I finally watched the Challenger video Dad loaned me a couple months ago. I noticed in that video the engine was still powered by coal so the smoke from the smokestack was quite black. I expected to see that yesterday, but the diesel fuel burns much cleaner. Other than that, it still sounds and looks the same. What an amazing train!

Deb said...

Ruthie- That is so cool. I love old steam locomotives. And I was also a big fan of the Casey Jones show!

Debbie said...

Ruthie, just love the videos. My hubby works at the Schenectady County Airport. There is so much history in our area for manufacturing.

Brian's dad has had several steam engines. For several years, he had a working steam shovel and ran an old sawmill on steam.

I think the old engines are so magestic!

Larry said...

Very Cool! I road an old steam train in Essex CT this year. I guess that if I was really into hunting I'd be more inclined to vote Republican.-I think the democrats should drop their anti NRA attitude because they probably lose more votes than they gain with their stance on that issue.

Meggie said...

That is one beautiful steam engine, Ruthie! Glad you took the day off to enjoy it.

Anonymous said...

Ruth do you remember riding the train in the Black Hills? It was a steam engine also and do you remember how dirty we got from all the ash that was spewed out over us as we rode thru the "Hills"? We all had a great time on that ride. I think memories are fun, and some where I have pictures to prove it.


Anonymous said...

I have a video of the other steamer th they mention in the UP web site that we were sent to for more information. That woul be the 844 which is still a working engine. It used to be numbered 8444 but now has it's old number back. If you want to see that one I can loan it to you.

RuthieJ said...

Hi Deb,
That Casey Jones program must have been on a Twin Cities TV station? I don't remember it from when I was younger.
There aren't many of the old steam locomotives left--my train buddy Mike tells me that every year it's harder to find or fabricate replacement parts for when they break down and very expensive to keep them running.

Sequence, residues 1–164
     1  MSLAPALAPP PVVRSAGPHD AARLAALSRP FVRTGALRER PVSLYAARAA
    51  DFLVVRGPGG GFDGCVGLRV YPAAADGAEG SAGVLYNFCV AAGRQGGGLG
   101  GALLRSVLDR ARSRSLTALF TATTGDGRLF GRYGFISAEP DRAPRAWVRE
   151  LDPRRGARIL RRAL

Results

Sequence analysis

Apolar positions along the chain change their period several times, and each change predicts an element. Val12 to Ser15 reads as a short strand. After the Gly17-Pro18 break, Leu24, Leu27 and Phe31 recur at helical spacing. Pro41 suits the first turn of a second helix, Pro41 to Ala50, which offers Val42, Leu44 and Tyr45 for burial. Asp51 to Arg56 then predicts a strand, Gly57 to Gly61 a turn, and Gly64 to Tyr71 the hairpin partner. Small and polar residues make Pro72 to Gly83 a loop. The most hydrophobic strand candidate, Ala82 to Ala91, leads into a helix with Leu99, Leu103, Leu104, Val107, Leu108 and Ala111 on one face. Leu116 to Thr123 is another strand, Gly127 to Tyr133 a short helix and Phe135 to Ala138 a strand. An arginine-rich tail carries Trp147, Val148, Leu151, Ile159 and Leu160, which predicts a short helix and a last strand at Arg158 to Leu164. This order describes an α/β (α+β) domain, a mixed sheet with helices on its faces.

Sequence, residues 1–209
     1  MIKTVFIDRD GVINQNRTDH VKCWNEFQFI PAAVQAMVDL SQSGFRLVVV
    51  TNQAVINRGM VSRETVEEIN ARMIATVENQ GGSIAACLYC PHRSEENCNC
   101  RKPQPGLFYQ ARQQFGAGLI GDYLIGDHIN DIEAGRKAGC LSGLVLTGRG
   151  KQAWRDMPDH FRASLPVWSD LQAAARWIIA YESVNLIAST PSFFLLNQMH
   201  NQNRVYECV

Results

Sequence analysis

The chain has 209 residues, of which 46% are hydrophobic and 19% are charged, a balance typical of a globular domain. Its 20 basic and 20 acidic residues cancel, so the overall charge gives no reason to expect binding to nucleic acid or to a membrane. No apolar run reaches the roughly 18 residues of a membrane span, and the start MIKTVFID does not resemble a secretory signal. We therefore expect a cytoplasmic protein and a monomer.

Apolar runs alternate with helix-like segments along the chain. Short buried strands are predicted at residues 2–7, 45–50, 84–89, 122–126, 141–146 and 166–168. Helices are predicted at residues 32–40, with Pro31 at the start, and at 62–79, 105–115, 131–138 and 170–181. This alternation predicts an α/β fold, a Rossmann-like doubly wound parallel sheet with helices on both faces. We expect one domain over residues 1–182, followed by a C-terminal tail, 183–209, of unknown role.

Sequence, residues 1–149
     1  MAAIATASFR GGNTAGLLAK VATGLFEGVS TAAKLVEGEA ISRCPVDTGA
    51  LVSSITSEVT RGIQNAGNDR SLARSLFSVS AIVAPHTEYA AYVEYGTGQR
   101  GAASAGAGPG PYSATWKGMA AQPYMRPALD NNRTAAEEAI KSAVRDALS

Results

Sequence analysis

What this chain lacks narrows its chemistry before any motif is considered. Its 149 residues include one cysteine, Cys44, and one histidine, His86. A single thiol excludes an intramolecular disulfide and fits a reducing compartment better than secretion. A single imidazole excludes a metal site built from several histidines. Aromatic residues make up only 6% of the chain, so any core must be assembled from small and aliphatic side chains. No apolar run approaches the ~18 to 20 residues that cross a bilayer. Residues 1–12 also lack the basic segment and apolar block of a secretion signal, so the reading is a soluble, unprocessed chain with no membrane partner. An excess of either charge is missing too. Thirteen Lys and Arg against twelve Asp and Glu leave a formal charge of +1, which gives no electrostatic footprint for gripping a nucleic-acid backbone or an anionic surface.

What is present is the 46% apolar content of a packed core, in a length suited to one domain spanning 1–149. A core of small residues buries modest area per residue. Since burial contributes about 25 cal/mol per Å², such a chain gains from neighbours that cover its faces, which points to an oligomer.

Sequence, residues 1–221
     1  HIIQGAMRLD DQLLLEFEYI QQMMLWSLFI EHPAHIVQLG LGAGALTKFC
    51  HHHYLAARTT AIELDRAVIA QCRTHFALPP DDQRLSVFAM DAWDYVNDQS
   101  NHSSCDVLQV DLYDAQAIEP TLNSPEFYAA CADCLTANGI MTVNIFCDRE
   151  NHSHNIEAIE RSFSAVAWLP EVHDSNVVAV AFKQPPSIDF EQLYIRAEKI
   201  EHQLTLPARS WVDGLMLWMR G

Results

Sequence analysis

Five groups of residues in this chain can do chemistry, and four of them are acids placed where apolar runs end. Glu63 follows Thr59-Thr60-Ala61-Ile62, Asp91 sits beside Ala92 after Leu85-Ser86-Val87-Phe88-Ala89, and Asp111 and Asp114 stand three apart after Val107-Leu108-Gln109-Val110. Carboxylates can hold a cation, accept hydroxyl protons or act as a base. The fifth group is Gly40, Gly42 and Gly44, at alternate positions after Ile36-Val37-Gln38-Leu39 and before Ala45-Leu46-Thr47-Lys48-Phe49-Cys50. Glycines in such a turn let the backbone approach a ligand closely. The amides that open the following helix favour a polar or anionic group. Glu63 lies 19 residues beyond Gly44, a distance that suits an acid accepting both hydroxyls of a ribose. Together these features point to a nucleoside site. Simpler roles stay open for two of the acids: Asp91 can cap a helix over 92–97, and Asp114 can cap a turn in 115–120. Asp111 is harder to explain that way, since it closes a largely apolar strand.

Hi Debbie,
I'm glad I took a picture of that manufacturing plate on the train and that it has some meaning for you. I can't even imagine what it must have took to build a train of this size--especially without all the modern technology we have today. The people who built those old steam engines were true craftsmen!

Hi Larry,
I sure wished I could have taken a ride on this train too, but too much other stuff going on this weekend.

Thanks Meggie, I was glad I had the day off too, not just for the train, but for the beautiful weather--I think it was our last truly summer-like day for the year (with a high temp of 82 degrees!)

Hi Mom,
I was working when you guys went on that Black Hills adventure, so I missed the train ride that time, but went with Rick a few years later (early 80's) on our way to Yellowstone.

Hi Dad,
Yeah, I'd like to borrow your other video too the next time I see you. I think I'm going to watch this Challenger video one more time, just to hear that whistle blowing! It would be worth taking a trip to Cheyenne just to see this train again and the other trains in their museum.

Mary said...

Ruthie, I wish my Dad could see this. He loves trains and always wanted to ride across country in one. I've been to every train museum in the mid-atlantic region with him...

This post touched my heart.

But I must say, the lady wearing the curlers almost stole the show :o)


Red said...

Ruthie :) It looks like you had a very fun day. I remember a few family trips to see some trains... you brought back some memories.

When you say each car has a name - do you mean the Union Pacific (or Southern Pacific or whatever) name, or do you mean "betsy" or "camille" etc?

Mary C said...

Ruthie, it's OK to get away from nature posts now and then - especially when you feature such a beautiful hunk of metal like that train. Wow! Great videos, too. Thanks for sharing it.

RuthieJ said...

Hi Mary,
My dad would have enjoyed seeing the train too, but there was a long walk from where I parked and pretty rough terrain at the train site, so he just got to enjoy it from my videos. A couple years ago I took Dad, Brother Phil and Nephew Charlie to a train museum in Wisconsin. We had a fun time there too. There's another museum with a steam locomotive down in Iowa that I hope we get a chance to visit some day too.

Hi Red,
It was a really fun adventure for me.
The names on the train cars are in the center of each car down towards the bottom (one of the tenders has "Joe Jordan" written on it and some of the other cars you'll see "Columbine" and "St. Louis.") I don't know what the significance of this is, so I need to find that out--my inquiring mind wants to know!

Hi Mary,
I did spend a lot of time outside with the train, so I guess it was kind of a nature post.....

Red said...

I'll keep an eye out for that on the trains I see in the future! That's intriguing too. I guess it's kinda like naming a boat.